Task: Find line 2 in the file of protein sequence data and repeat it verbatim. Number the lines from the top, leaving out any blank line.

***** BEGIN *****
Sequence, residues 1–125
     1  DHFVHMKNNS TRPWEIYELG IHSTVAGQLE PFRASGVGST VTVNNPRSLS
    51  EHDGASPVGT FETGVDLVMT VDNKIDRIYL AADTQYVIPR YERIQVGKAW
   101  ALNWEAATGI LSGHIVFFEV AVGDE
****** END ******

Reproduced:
     1  DHFVHMKNNS TRPWEIYELG IHSTVAGQLE PFRASGVGST VTVNNPRSLS